Total Internal Reflection (TIRF) microscopy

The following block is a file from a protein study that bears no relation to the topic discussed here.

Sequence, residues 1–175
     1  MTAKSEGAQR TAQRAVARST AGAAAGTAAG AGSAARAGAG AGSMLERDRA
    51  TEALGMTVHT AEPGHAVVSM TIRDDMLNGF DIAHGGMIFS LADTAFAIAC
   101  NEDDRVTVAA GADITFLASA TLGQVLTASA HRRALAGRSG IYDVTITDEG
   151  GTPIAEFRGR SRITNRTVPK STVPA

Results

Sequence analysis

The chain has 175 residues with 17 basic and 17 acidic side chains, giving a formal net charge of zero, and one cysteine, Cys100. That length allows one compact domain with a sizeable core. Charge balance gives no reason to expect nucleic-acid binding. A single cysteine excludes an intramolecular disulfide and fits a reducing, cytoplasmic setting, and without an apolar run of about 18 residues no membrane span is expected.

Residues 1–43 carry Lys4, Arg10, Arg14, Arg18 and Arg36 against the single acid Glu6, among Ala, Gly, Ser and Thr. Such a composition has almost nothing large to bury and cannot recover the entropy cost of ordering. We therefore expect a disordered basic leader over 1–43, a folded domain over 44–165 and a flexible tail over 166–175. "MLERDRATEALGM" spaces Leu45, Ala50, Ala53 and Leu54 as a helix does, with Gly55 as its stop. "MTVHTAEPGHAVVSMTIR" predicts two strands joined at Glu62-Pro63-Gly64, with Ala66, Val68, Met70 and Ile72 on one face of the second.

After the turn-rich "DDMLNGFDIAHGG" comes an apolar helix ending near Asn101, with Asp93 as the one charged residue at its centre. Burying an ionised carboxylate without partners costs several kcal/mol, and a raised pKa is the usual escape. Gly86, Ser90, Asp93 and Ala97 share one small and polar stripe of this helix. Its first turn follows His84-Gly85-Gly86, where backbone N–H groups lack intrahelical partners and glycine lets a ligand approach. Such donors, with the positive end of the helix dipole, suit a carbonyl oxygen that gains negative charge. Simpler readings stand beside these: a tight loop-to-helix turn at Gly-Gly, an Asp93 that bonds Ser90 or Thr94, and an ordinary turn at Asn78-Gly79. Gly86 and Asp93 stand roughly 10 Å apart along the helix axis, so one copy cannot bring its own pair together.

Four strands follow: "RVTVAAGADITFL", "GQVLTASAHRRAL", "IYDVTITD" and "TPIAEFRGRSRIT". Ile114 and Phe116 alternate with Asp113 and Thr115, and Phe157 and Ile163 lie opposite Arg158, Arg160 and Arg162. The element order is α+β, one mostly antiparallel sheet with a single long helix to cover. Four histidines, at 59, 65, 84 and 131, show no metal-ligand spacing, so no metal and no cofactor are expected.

Total Internal Reflection Fluorescence Microscopy (TIRFM) is a common method to study structural and dynamic processes at the single-molecule level. The principle is based on an optical phenomenon where electromagnetic radiation is not refracted but totally reflected on the boundary surface of two different media. An evanescent field is generated at the boundary surface and penetrates the medium with lower optical density where fluorescent molecules can be excited. This evanescent wave attains its maximum intensity at the surface and then exponentially decays with increasing penetration depth. Therefore, only molecules located near the surface are excited, as opposed to molecules situated at distances exceeding approx. 100 nm, and thus TIRF efficiently decreases background signals of the bulk solution and allows sensitive detection down to single molecules.